(Bloomberg) -- Erika Cheung told jurors she was “star-struck” when Elizabeth Holmes interviewed her for a job at Theranos Inc. but eventually quit the blood-testing startup because she was “uncomfortable” with how patient samples were processed.
Cheung’s potential to deliver devastating testimony at Holmes’s fraud trial was clear before she took the stand Tuesday. She knows from the inside the deepest secrets at the company Holmes founded, and her decision to speak up about the wrongdoing she claims to have detected at the company is a central reason Holmes faces as long as 20 years in prison if she’s convicted.
She testified that she didn’t believe Theranos technology “was adequate enough” and “after lots of conversations with various executives” she “made the decision to leave the organization” in 2014.
Holmes, Theranos’s former chief executive officer who was once dubbed the world’s youngest female self-made billionaire, is charged with a dozen counts of fraud and conspiracy. She’s accused of lying to patients, doctors and investors about the accuracy and capabilities of Theranos machines.
Cheung, who started working in Theranos’s research and development lab, often donated her own blood for testing.
She maintained spreadsheets of problems she detected, and told federal agents that the company commanded lab employees to toss out data points from blood samples that revealed the inaccuracies of Theranos machines, in order to pass quality-control tests. She told the FBI that Holmes and former Theranos President Ramesh “Sunny” Balwani pushed employees to validate the tests. Balwani faces a separate fraud trial next year and has pleaded not guilty.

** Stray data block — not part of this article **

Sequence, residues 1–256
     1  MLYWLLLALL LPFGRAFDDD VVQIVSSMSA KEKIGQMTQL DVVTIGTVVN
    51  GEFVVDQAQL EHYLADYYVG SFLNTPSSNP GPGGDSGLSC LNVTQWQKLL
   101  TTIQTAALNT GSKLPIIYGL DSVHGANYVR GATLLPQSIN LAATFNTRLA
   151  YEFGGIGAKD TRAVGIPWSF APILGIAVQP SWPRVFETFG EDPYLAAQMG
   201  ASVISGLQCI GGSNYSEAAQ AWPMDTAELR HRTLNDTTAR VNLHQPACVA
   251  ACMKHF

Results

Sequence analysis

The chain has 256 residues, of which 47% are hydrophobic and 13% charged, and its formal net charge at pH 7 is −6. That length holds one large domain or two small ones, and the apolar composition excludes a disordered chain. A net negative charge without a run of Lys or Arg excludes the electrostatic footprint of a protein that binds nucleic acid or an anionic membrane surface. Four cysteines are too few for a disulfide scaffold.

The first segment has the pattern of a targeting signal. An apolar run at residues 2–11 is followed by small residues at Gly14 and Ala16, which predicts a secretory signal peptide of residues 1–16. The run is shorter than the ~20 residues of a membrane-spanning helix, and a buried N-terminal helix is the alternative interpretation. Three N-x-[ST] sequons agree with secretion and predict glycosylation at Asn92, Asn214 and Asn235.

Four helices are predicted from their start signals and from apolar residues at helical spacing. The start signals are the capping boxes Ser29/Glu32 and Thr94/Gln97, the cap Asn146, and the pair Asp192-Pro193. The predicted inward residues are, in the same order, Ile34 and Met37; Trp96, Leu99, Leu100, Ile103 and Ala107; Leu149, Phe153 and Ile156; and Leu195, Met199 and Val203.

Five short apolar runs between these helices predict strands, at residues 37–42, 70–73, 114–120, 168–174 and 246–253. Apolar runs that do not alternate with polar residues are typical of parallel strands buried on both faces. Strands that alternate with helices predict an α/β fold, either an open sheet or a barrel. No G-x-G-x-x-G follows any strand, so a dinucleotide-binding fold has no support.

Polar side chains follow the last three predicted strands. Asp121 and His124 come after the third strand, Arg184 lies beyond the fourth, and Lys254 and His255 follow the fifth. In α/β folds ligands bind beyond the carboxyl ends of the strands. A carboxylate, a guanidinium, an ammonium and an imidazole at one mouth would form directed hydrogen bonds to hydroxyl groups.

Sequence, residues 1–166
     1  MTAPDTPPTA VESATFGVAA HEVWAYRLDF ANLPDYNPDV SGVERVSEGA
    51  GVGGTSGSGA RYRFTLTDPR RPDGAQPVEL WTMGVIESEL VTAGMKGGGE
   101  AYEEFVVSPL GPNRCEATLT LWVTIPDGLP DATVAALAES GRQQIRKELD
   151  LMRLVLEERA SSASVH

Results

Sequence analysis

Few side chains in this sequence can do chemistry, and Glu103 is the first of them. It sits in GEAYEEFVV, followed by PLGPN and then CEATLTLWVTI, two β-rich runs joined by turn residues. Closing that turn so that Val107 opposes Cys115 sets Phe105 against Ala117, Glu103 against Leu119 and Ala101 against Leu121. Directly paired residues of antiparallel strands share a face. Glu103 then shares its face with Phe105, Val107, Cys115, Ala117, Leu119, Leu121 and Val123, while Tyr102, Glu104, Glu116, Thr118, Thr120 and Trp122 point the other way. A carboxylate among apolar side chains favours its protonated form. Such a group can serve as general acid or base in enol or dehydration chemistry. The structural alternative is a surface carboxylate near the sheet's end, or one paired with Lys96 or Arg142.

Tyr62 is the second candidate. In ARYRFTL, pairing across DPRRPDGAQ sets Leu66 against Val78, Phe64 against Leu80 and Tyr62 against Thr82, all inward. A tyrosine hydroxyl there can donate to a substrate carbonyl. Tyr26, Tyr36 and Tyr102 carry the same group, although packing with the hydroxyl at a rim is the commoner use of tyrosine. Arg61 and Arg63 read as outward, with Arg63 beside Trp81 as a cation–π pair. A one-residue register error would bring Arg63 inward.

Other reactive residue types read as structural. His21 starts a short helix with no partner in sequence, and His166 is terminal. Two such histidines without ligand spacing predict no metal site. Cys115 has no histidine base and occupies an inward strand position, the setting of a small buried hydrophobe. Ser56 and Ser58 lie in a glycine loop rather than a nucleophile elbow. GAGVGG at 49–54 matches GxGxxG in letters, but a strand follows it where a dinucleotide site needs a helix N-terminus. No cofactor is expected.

Read More: The Spectacular Rise and Fall of Elizabeth Holmes and TheranosCheung also told agents that she raised her concerns with Balwani that hiding the inaccuracies of blood-test results could threaten patients’ health. After Balwani “went off on her,” belittling her and telling Cheung she needed to stick what she was paid to do, meaning process patient samples, she quit, according to the FBI.
The whistle-blower is of “enormous value” to prosecutors because she “on her own formed the view that something was very wrong and fraudulent at Theranos,” said Amanda Kramer, a lawyer at Covington and Burling who isn’t involved in the case. “That’s the view prosecutors are asking jurors to come to.”Cheung has previously described her harrowing experience at Theranos in an HBO documentary and more recently a TED talk. She overcame poverty to get degrees in biology and linguistics at the University of California at Berkeley, to land her first job at Theranos. Lawyers for Holmes tried to block Cheung from repeating her most damaging claims. The only real question is how much leeway the judge handling the trial will give her.John Carreyrou, the former Wall Street Journal reporter whose reporting first exposed what happened at Theranos, said in an email that Cheung was “an important corroborating source.” She also features prominently in Carreyrou’s best-selling book, “Bad Blood.”
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